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Rebekah Shelton is not dead. Her Twitter account was hacked and a false tweet was sent and then corrected by the very much alive former Big Brother star, but not before a number of national papers reported otherwise.

The malicious tweet stated: “We’re sorry to inform everyone of the sad news that our wonderful and lovely Rebekah died unexpectedly on Wednesday night.

“We ask that you respect the family’s privacy at this time.”

FAKE news…but the papers followed it blindly without checking their facts!

Within minutes and clearly without any checks, papers including the Independent, the Daily Mail, the Mirror and NME posted online stories based on a single, uncorroborated tweet.

It is a concern, because any of these organisations would likely have had a contact for the former Big Brother star, known at the time as Rodrigo, but it seems not one of them checked their facts before publishing. Such is the hunger to get the clicks and retweets before the competition.

In a Twitter post, clarifying the fact that she is still very much alive, though clearly shaken, Rebekah says: “Please stop spreading the news that I am dead because obviously, I am not. I’ve been through hell today. Someone used my Twitter account to write that stupid statement about me. This person can’t accept the fact that I’m happy. That I overcame all my problems and that I’m finally living my life happy. I’m on holiday…in Arabia…and I’m NOT dead.”

It was too late to stop Big Brother presenter Rylan Clark-Neal from tweeting: “RIP Rebekah.”

Following the clarification, he corrected himself – without deleting the original tweet – saying: “Absolutely disgusted someone would do that. Glad you’re well @MissRShelton.”

Big Brother had also tweeted their sadness at the fake news but have now deleted the tweet.

How many more times will we be caught out before we learn…you cannot trust a tweet.

OPINION: Journalist Andy West says we need some form of regulation to control the unchecked information being pushed out to millions on social media.

When I trained to be a journalist at university, I was taught to check my sources and back them up. It was a good idea, I was told, to try to get the story from at least two individual people or organisations before trusting what I’d been told. Certainly, you would make a call or three to ascertain the credibility of the information you’ve been given.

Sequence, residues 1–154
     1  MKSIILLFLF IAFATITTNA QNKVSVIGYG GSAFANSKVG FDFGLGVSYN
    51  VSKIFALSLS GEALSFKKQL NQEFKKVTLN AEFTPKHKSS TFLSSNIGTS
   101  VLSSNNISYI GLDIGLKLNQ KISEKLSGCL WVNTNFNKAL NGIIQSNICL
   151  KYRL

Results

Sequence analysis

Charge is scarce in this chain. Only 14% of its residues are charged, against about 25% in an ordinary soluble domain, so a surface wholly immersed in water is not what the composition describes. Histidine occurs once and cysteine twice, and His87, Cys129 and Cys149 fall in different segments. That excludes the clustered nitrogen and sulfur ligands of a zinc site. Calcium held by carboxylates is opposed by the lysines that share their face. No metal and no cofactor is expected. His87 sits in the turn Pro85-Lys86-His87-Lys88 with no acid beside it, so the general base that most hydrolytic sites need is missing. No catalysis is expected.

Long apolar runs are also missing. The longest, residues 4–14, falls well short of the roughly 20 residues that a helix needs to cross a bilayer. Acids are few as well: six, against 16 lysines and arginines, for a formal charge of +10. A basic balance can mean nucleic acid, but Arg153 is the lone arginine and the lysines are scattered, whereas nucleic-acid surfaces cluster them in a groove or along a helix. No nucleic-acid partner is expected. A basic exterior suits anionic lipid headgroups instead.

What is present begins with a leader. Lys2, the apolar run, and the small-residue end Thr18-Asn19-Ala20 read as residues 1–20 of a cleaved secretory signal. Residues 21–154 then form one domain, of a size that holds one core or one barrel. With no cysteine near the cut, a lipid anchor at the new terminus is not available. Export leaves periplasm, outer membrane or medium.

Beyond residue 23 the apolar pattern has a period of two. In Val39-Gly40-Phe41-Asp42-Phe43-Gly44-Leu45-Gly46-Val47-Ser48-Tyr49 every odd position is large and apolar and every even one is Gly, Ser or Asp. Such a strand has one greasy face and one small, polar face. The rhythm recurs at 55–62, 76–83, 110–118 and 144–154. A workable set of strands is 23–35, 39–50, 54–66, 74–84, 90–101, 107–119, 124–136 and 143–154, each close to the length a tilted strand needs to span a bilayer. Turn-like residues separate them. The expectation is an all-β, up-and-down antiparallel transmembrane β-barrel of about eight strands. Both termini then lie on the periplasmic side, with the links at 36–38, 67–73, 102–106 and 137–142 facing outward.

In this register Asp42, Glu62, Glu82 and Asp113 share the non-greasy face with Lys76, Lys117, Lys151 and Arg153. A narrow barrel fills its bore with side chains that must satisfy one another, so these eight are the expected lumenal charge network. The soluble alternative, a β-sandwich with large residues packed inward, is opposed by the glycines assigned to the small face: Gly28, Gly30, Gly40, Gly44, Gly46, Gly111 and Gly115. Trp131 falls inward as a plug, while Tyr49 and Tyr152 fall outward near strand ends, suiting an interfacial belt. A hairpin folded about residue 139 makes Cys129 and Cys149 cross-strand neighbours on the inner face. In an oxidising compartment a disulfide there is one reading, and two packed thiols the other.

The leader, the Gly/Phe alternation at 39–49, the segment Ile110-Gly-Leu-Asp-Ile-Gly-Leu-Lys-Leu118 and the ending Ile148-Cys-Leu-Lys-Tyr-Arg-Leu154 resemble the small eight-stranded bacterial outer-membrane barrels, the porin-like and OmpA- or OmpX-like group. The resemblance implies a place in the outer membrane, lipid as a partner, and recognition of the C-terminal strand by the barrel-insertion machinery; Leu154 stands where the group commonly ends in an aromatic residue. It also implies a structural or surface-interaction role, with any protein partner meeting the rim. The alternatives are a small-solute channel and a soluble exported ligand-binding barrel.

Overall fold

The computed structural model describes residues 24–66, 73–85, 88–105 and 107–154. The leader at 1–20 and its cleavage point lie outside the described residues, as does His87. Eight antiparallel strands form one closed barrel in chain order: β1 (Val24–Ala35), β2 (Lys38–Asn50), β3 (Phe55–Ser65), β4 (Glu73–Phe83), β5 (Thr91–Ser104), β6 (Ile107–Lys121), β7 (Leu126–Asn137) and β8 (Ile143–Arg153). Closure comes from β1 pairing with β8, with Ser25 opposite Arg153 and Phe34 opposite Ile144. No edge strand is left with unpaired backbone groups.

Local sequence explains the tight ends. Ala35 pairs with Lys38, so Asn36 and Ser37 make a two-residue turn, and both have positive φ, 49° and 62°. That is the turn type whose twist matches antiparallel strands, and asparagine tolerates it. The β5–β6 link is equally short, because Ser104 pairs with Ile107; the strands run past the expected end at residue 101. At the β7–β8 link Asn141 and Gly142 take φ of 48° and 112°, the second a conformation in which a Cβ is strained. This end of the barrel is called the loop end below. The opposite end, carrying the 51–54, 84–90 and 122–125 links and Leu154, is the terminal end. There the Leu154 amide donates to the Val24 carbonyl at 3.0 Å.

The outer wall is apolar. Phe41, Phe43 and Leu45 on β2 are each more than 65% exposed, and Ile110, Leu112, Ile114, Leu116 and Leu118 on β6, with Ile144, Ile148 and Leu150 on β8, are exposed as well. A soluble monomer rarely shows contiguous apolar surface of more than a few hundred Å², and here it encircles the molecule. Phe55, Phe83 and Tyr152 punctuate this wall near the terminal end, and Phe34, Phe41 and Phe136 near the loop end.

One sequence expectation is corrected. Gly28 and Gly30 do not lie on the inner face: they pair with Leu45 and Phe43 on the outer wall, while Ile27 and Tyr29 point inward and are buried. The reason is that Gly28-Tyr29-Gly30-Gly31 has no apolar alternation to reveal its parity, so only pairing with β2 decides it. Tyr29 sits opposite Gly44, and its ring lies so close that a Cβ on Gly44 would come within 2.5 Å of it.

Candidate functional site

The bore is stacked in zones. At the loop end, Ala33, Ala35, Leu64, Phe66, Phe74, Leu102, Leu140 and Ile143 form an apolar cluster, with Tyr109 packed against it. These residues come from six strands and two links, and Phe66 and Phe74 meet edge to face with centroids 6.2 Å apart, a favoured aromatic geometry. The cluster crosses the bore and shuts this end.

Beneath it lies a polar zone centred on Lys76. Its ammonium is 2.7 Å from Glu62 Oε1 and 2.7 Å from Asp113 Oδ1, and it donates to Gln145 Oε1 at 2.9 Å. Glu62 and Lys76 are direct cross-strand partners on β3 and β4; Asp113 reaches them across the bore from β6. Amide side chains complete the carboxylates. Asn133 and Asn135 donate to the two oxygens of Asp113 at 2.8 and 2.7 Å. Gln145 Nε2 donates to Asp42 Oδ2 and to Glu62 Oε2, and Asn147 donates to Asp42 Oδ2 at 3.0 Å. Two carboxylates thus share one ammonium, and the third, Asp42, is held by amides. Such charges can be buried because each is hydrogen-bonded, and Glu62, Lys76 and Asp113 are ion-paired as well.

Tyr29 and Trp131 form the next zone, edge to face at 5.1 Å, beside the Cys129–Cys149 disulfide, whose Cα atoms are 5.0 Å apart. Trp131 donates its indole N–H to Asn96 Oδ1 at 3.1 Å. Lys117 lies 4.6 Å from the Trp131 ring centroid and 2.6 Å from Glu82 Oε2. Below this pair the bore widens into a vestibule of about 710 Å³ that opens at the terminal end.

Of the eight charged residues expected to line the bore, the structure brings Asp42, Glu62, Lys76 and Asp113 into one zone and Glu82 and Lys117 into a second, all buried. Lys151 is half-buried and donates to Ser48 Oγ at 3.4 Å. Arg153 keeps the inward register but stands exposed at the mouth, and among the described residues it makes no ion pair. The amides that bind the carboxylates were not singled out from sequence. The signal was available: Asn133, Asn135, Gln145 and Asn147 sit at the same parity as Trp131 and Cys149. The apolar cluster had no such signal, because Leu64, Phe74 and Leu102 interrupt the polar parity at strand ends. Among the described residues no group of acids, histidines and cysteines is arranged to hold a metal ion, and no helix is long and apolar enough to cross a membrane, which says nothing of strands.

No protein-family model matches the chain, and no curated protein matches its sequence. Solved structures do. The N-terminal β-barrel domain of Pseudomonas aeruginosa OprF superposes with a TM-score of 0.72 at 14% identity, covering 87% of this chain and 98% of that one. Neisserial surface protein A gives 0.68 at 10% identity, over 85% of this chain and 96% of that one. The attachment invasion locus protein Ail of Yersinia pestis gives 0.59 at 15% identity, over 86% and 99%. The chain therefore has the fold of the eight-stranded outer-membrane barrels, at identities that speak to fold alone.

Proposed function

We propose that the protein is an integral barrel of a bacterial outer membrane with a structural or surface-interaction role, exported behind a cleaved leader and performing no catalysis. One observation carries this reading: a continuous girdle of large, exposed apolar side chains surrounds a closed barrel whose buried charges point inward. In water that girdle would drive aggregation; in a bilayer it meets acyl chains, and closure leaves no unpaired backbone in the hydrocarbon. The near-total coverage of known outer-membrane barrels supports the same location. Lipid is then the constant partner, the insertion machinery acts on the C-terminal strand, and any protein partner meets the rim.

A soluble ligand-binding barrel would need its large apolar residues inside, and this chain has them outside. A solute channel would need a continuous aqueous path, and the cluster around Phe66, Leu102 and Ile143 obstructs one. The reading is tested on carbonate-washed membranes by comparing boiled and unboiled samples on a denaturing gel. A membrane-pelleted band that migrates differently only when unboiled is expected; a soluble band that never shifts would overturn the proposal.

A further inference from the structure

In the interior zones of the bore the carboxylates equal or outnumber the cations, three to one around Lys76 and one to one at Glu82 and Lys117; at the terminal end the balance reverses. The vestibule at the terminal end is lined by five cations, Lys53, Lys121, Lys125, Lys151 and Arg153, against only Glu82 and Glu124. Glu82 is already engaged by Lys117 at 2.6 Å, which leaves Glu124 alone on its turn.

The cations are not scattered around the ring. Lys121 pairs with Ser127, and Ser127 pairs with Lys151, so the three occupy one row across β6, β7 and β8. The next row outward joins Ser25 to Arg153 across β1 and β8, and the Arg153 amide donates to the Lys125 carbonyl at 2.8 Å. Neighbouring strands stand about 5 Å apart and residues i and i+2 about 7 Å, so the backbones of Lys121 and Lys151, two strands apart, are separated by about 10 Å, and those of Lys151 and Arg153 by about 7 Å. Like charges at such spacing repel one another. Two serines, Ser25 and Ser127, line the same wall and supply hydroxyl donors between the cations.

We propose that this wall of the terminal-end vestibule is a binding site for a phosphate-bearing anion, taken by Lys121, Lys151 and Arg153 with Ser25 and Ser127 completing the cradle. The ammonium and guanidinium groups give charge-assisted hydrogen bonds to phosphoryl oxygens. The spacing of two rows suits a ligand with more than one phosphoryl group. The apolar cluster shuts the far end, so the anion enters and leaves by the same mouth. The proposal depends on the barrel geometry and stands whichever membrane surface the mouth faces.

In fact, at the BBC, where I worked for 12 years, I was often frustrated by the requirement to verify information that I knew to be accurate. Now, we can all see on a daily basis, the need for corroboration and we can thank social media for the lesson.

Time and time again, stories are being shared by millions of people that are simply untrue. Facebook, Snapchat, Twitter – the whole rotten, gossip-mongering lot of them – are riddled with untrue, inaccurate, nonsensical, misleading and entirely dishonest ‘articles’, ‘facts’ and ‘news updates’ which are then spread around the globe in minutes by people who are either too stupid, too naive, too lazy, too excited or too disinterested to stop and ask themselves…’does this even make sense?’

NME gets it wrong.

Olly Murs said there were gunmen in Central London. The Queen has died more times than I can remember, as has Rowan Atkinson. Apparently, the entire planet is going to go into darkness for two weeks. And on it goes…I’ve given up asking people to think before they indulge because they didn’t care about the story in the first place, it was just a Trojan horse for their own desire to gain likes, followers and retweets.

The Independent didn’t check its sources.

I’m astonished we haven’t, as yet, acknowledged the true implications of this mass delusion, misinformation, rumour-spreading and hysteria. Information is what drives all of us as people to behave as we do and if the information is untrue or thoroughly inaccurate – as we have seen with propaganda in the past – we are capable as a species of doing unspeakably evil, rash, cruel and stupid things.

Why are we not doing something to try and protect the facts and safeguard ourselves from panic and misinformation?

Today a former Big Brother star has had to deal with reports she’s dead. Tomorrow, the lie could have a much greater and more profoundly injurious effect on us all.




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